MCI vs. Dementia vs. Alzheimer's Disease

Contributed by: Dennis Fortier, President, Medical Care Corporation
Published in the latest issue of The Journal of Family Practice you will find a well-intentioned review article about the Best Practices Identified for Early Alzheimer's Detection.

While I heartily agree with the need to identify and publish standards of care in this field and I applaud the author (Diana Kerwin, MD) for her efforts, this article blurs the important differences between Mild Cognitive Impairment, Dementia, and Alzheimer's Disease. Helping the public to clearly differentiate and fully understand these terms, (as Dr. Kerwin surely does) is one of the main purposes of this blog.

Based on the title of the article, these are best practices for detecting early Alzheimer's disease. Theoretically, this could mean detection in a pre-symptomatic stage or a bit later when the disease has progressed to the MCI stage. However, when detection occurs later than the MCI stage, we are really no longer discussing early stage Alzheimer's but rather mid to late stage Alzheimer's disease. The confusion comes from the fact that mid to late stage Alzheimer's often causes early stage dementia. The terms "Alzheimer's" and "Dementia" are distinct and cannot be (should not be) carelessly interchanged.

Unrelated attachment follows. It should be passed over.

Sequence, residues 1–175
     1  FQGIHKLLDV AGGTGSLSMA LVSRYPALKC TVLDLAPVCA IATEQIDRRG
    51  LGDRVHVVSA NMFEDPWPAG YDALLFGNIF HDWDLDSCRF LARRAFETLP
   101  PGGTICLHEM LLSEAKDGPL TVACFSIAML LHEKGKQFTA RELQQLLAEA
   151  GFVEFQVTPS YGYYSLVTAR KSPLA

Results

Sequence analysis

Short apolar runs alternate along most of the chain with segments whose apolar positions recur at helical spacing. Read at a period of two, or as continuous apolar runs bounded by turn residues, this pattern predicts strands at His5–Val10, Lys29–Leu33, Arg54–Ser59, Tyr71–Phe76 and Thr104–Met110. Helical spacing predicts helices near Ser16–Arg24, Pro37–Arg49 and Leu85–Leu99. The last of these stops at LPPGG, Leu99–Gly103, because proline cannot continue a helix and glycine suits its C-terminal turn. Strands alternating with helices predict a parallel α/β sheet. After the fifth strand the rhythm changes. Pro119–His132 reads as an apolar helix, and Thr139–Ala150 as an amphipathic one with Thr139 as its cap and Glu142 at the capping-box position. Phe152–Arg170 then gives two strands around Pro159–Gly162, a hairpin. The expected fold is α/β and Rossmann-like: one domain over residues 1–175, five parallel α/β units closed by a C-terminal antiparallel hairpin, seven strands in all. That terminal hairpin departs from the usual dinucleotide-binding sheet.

On average, Alzheimer's disease begins with a seven year period of mild symptoms prior to a patient becoming demented. As such, mid to late stage Alzheimer's is usually contemporaneous with early stage dementia. Switching carelessly between the terms breeds unnecessary confusion.

As a final note, the author also included a list of "optimal screening tests and tools to prevent delayed diagnosis of mild-to-moderate dementia patients" which I contend perpetrates somewhat of a false frame. Patients who are mild to moderately demented have a cognitive deficit severe enough so as to be obvious to a caregiver or physician. These patients can no longer care for themselves and no screening tests or tools are necessary to detect the problem. Truly beneficial tests and tools are those that distinguish more subtle impairment from normal declines due to healthy aging.

1 comment :

  1. Superb blog post, I have book marked this internet site so ideally I’ll see much more on this subject in the foreseeable future!